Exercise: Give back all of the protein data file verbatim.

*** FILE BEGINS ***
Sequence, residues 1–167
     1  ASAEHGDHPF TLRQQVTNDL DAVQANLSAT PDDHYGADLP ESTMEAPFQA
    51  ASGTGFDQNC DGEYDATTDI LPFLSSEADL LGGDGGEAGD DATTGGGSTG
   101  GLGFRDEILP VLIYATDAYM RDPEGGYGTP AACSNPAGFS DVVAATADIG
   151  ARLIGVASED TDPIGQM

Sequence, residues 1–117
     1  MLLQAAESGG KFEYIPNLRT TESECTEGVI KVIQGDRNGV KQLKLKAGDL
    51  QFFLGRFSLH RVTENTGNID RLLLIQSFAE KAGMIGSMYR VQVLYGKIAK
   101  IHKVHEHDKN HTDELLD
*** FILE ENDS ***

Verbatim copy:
Sequence, residues 1–167
     1  ASAEHGDHPF TLRQQVTNDL DAVQANLSAT PDDHYGADLP ESTMEAPFQA
    51  ASGTGFDQNC DGEYDATTDI LPFLSSEADL LGGDGGEAGD DATTGGGSTG
   101  GLGFRDEILP VLIYATDAYM RDPEGGYGTP AACSNPAGFS DVVAATADIG
   151  ARLIGVASED TDPIGQM

Sequence, residues 1–117
     1  MLLQAAESGG KFEYIPNLRT TESECTEGVI KVIQGDRNGV KQLKLKAGDL
    51  QFFLGRFSLH RVTENTGNID RLLLIQSFAE KAGMIGSMYR VQVLYGKIAK
   101  IHKVHEHDKN HTDELLD